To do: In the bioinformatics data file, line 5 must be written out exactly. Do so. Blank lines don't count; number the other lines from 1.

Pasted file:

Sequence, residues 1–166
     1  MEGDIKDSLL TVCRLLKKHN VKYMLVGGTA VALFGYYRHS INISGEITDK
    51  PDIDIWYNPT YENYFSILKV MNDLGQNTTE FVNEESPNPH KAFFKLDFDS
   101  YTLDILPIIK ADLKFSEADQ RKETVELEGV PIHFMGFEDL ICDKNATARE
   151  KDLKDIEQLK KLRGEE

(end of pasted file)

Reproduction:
   151  KDLKDIEQLK KLRGEE